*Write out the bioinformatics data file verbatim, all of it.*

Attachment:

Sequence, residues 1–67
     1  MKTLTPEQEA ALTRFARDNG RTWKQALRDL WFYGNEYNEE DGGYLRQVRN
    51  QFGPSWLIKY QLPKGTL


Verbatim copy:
Sequence, residues 1–67
     1  MKTLTPEQEA ALTRFARDNG RTWKQALRDL WFYGNEYNEE DGGYLRQVRN
    51  QFGPSWLIKY QLPKGTL